The virtual blacklisting of China’s Huawei has been one of the biggest fallouts from the trade war between the United States and China. Huawei is the world’s biggest mobile equipment manufacturer and one of the biggest mobile phone makers in the world, however, it finds itself at the center of the current trade war.
The US has accused the company of conducting espionage for China through its medical equipment, and criminal charges have also been brought against the company. Huawei and the Chinese government deny these charges; however, the US has also asked key allies to stop using the company’s equipment. The US has claimed that allowing Chinese companies to work on these projects is a threat to national security. In light of these developments, it has emerged that Germany, the largest economy in Europe, is now going to conduct further meetings in order to decide whether it will allow Huawei to participate in creating the 5G network in the country.
Germany is all set to auction spectrum for 5G networks in March this year, and prior to opening the process, the departments in charge of the process need direction from the concerned ministries on whether Huawei should be allowed to bid. On the other hand, not allowing the world’s biggest mobile equipment manufacturer to work on such a project should also be a matter of concern for the German authorities.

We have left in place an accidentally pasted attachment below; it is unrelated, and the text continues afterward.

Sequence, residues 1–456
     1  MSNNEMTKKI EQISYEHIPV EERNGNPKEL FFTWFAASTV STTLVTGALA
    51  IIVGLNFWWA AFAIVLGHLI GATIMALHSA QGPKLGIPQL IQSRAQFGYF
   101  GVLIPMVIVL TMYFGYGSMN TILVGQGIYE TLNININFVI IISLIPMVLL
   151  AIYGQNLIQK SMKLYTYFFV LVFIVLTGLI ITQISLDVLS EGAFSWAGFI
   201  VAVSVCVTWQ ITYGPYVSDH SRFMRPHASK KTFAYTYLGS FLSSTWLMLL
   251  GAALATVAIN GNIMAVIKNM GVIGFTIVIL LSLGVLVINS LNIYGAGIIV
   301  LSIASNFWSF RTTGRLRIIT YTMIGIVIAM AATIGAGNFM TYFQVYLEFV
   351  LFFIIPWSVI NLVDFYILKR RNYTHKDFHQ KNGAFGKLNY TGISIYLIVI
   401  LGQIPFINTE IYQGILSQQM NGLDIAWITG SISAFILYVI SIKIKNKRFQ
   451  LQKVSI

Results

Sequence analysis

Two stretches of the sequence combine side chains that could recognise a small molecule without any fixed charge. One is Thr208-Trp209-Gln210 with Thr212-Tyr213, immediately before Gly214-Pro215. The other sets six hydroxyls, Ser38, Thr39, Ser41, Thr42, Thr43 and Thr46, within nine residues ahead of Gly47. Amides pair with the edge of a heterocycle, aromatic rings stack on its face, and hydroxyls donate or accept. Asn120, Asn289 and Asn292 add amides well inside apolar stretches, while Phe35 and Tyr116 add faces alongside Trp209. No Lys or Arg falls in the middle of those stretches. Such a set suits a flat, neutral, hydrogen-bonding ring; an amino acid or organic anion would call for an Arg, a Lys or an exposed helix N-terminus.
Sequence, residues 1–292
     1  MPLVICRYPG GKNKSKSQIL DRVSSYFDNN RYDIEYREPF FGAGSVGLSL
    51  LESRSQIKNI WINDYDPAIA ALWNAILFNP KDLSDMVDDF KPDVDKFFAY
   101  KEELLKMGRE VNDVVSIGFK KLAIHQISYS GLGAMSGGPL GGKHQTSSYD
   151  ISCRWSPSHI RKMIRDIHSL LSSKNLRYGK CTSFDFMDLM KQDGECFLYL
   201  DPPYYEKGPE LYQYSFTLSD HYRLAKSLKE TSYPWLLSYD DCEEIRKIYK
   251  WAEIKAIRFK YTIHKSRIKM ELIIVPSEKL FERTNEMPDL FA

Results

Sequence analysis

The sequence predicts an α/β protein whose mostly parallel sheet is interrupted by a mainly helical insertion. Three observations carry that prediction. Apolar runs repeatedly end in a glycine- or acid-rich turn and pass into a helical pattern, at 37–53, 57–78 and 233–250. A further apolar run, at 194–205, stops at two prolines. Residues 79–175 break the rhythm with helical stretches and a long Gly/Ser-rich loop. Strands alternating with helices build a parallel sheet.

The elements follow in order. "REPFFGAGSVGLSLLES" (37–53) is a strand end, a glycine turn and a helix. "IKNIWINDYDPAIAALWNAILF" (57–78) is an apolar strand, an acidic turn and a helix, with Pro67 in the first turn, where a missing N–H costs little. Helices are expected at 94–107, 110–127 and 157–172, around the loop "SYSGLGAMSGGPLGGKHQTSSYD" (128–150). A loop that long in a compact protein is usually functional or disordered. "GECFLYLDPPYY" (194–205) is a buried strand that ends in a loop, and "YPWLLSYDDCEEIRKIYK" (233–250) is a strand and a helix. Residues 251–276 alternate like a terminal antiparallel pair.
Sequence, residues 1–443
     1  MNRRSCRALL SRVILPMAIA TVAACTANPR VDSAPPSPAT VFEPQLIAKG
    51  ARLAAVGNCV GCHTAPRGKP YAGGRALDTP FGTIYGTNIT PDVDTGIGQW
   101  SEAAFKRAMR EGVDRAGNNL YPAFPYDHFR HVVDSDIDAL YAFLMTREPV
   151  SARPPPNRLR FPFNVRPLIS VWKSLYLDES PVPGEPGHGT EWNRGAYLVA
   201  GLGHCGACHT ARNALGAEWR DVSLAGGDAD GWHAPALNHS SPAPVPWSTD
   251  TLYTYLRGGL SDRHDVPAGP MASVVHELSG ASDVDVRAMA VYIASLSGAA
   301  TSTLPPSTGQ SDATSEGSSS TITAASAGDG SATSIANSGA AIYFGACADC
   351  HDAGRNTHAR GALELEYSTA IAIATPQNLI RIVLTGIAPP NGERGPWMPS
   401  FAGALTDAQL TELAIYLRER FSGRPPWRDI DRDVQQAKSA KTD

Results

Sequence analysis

Huawei recorded yearly sales to the tune of $100 billion, but now the company is in the crosshairs in all countries where it does business due to the national security threat warning issued by the United States. In this regard, it is important to keep in mind that the Angela Merkel, the German Chancellor has already said that the country would need strict guarantees from Huawei that there will not be any data breach and data from the networks would not be handed over to China. If those guarantees are not forthcoming, then they would not be allowed to participate in building Germany’s 5G network.
Since 5G networks would be linking a wide range of things starting from phones to factories and cars, there is a wide scope for any outfit which wants to indulge in espionage activities. In that light, it is not a surprise that German authorities are still weighing up options regarding their stance on Huawei. Huawei is already the primary equipment vendor with large German telecom companies like Deutsche Telekom and Telefonica Deutschland. The companies have alerted the government that if they are asked to change their vendor for equipment, then the whole migration process could prove to be very expensive.